Linux and JUDE Community Lab

CS 245

Sept. 19, 2010

  1. Login to a Windows workstation and start a GNOME session on phoenix using NX Client for Windows. Login to phoenix. GNOME is a GUI interface, required for JUDE Community and Eclipse.

    Linux is case sensitive -- be careful when entering username and password!

    You may install the NX Client software on your own workstation. Check here
    ( for details.

    (If you only need shell access, you could start the SSH Secure Shell Client software on a lab workstation. Click the Quick Connect button and enter the Host Name
    ( and User Name information requested for the dialog box which pops up. Click the Connect button and then enter your password into the next dialog box.

    A brief bit of documentation on SSH Secure Shell is available here
    ( In particular, you can request a copy of the software for educational use.

    There is also a Java SSH client applet available on phoenix here
    ( )

  2. You need to open a shell. Open the Applications menu, go down to System Tools and choose Terminal.

    A window will open and you will now have a command line prompt on phoenix similar to this:

    [kelliher@phoenix ~]$
    You type a command and then press Enter to run it. You can edit a command before you run it by using the arrow keys to navigate the command line.

  3. If you've just logged in for the first time, you'll probably want to change your password. Due to its exposure to the Internet, phoenix is picky when it comes to accepting new passwords. You may want to review for some advice on selecting a good password. When you're ready, run the passwd program to change your password:
    In order to enforce the use of strong passwords, I run password cracking software from time-to-time. If this software discovers your password, you will receive a ``nastygram'' from me and your account will be disabled until you see me to select a strong password.

  4. Using gedit, create a file named name containing your name. Print the file in HS 149 using gedit. Alternatively, once you have saved the file, you can use the lpr command in the shell to print the file:
    lpr -P hs149ps name
    The file should be printed on the printer in HS 149. The default printer is the printer in the X Lab, hs123ps.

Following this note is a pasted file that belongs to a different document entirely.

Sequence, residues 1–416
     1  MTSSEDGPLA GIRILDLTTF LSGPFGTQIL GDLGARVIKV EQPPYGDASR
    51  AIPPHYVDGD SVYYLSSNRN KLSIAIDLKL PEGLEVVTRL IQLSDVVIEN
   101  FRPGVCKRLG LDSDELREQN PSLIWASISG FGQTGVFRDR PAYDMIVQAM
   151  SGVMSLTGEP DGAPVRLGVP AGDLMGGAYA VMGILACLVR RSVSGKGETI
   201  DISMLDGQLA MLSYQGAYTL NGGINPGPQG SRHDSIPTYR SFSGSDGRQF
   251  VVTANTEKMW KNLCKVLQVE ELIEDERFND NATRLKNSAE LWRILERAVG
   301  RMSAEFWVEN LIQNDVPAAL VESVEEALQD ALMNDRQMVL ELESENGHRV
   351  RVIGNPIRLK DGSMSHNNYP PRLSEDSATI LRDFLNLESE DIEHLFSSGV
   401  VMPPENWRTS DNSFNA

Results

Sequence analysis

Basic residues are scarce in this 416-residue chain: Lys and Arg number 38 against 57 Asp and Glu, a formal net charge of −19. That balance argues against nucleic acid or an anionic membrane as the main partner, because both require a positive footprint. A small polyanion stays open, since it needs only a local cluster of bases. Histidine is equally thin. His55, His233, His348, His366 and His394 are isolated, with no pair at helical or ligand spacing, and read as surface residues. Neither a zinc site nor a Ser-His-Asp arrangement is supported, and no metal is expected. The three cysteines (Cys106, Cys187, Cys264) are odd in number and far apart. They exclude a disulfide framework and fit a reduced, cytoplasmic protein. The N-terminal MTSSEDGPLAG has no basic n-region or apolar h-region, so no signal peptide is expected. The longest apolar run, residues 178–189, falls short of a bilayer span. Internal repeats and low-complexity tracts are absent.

Using the shell, remove the file you just created:

    rm name
    Unlike Windows, once you remove a file in Linux, it is gone for good. So be careful!

    The file can also be removed by using the File Browser, which is available under the Applications menu. The File Browser is similar to Windows Explorer.

  5. Change directories to /etc:
    cd /etc
    You can verify that you're where you think you are by running the print working directory command: pwd.

    Using the ls command, list the files in /etc. Too many to fit on a single screen? Pipe the output to the paging program:

    ls | less
    Repeat again using the -l option to ls What's the difference?

  6. Change directories back to your home directory (run cd without an argument). List the files in your home directory. Try again using the -a option. What's the difference? Read the man page for ls to read about these two options and find what other options are available:
    man ls

  7. Using the mkdir command, create a sub-directory within your home directory: foo. You can guarantee the the contents of the directory are private by using the chmod command:
    chmod go= foo
    Use ls -l to verify. Finally, remove the directory with rmdir:
    rmdir foo
    and use ls to verify its removal. As a safety precaution, rmdir only works on empty directories.

    It is a good idea to create a new directory each time you start a new assignment or project, so that you don't clutter up your home directory. Using sub-directories for your assignments also helps keep others out of your files.

  8. It's time to start JUDE Community. Run the command
    jude &
    (The & runs JUDE Community in the background, letting you continue to type shell commands.)

  9. Create a new file for your ``project'' (look under the File menu).

  10. Experiment with creating a couple use case and class diagrams. You'll find a lot of JUDE Community documentation on the course web site.

    If you'd like some examples to guide you, here's a use case and a class diagram:



  11. Export your diagrams as PNG images (look under the Tool menu).

    If you now wanted to attach the exported diagrams to your project wiki, the easiest thing to do at this point would be to open a Web browser from your X session, browse to your project, and attach the diagrams.

  12. Save your project.

  13. When you're finished, exit from JUDE Community and use the exit command to close your shell. Open the Actions menu to logout from phoenix.

Thomas P. Kelliher 2010-09-22
Tom Kelliher